Today’s unmanned aircraft systems (UAS), more commonly referred to as “drones,” have evolved considerably in just the last few years and are becoming more common in our airspace. UAS now have longer flight durations, larger payloads, and more sophisticated maneuverability. The rapid development of UAS technology offers substantial benefits for our society and economy, as UAS technology may transform the delivery of goods and the provision of countless services, ranging from inspection of critical infrastructure to delivery of life-saving medical devices. Just as personal and commercial use of UAS continues to expand and evolve, law enforcement and public safety use of UAS likewise continues to grow. Law enforcement agencies across the country have recognized that UAS can be an important tool in advancing their public safety missions while reducing risk to personnel and the public. To take full advantage of this promising technology requires identifying best practices for the law enforcement use of UAS, as well as implementing appropriate policies and safeguards to protect privacy and civil liberties.
UAS technology also raises new risks, as criminals and terrorists can exploit UAS in ways that pose a threat to the safety of the American people. The UAS threat takes a number of potential forms, including illicit surveillance; chemical, biological, and radiological attacks; kinetic attacks on large open-air venues, such as concerts, ceremonies, and sporting events; and attacks against government facilities, installations, and personnel. In addition, drug traffickers use UAS to smuggle narcotics across borders, and criminals use UAS to deliver contraband inside federal and state prisons. Accordingly, law enforcement must be able to protect the public from the threat of unlawful and malicious UAS.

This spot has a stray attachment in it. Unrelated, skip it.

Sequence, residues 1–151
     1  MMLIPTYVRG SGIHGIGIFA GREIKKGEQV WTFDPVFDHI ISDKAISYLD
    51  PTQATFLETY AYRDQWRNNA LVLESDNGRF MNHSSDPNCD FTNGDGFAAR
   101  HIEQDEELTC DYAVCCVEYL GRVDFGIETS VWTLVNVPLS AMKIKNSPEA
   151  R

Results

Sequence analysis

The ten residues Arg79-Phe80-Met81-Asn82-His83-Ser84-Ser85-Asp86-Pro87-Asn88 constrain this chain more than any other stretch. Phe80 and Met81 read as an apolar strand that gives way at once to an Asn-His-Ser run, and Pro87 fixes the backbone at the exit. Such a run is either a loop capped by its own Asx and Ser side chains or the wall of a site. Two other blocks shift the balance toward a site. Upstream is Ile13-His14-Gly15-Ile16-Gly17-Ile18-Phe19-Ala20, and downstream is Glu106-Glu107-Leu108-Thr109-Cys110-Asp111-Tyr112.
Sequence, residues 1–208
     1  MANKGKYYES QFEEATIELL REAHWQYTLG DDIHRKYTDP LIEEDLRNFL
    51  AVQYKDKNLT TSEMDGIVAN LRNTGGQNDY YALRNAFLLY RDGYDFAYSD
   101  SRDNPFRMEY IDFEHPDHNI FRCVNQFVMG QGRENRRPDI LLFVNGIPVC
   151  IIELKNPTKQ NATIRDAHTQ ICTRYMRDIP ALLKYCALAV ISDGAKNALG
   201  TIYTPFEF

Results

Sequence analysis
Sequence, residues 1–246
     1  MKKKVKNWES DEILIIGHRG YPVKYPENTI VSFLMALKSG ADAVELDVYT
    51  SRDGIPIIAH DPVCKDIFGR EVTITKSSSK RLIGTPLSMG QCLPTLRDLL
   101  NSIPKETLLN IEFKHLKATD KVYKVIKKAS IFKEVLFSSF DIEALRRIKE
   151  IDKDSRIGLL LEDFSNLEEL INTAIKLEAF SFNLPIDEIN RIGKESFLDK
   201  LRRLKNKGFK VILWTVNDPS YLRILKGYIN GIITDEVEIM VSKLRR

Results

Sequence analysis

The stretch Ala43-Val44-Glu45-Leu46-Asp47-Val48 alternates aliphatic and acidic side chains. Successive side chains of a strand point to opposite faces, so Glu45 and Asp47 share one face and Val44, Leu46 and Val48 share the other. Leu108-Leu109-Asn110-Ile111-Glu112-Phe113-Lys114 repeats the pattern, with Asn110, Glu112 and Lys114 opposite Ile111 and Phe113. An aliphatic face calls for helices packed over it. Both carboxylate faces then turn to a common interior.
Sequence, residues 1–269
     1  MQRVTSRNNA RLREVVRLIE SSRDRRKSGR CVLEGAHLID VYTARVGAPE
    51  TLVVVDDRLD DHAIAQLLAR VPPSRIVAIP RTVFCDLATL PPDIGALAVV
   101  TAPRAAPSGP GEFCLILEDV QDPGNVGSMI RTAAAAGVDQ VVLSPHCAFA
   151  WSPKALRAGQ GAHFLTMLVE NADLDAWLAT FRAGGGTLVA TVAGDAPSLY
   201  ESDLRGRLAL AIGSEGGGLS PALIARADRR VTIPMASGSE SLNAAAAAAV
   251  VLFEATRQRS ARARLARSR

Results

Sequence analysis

Under the direction of the Deputy Attorney General, the Office of Legal Policy chairs the Department’s UAS Working Group, which is responsible for coordinating and discussing matters relating to the use of UAS and efforts to counter the threat of malicious UAS. The working group includes representatives from the Federal Bureau of Investigation; the Drug Enforcement Administration; the United States Marshals Service; the Bureau of Alcohol, Tobacco, Firearms and Explosives; the Bureau of Prisons; the Office of the Deputy Attorney General; the Office of Legal Policy; the National Security Division; the Criminal Division; the Executive Office for United States Attorneys; the Office of Justice Programs; the Office of Community Oriented Policing; the Office of Privacy and Civil Liberties; the Office of the Chief Information Officer; and the Office of Legislative Affairs.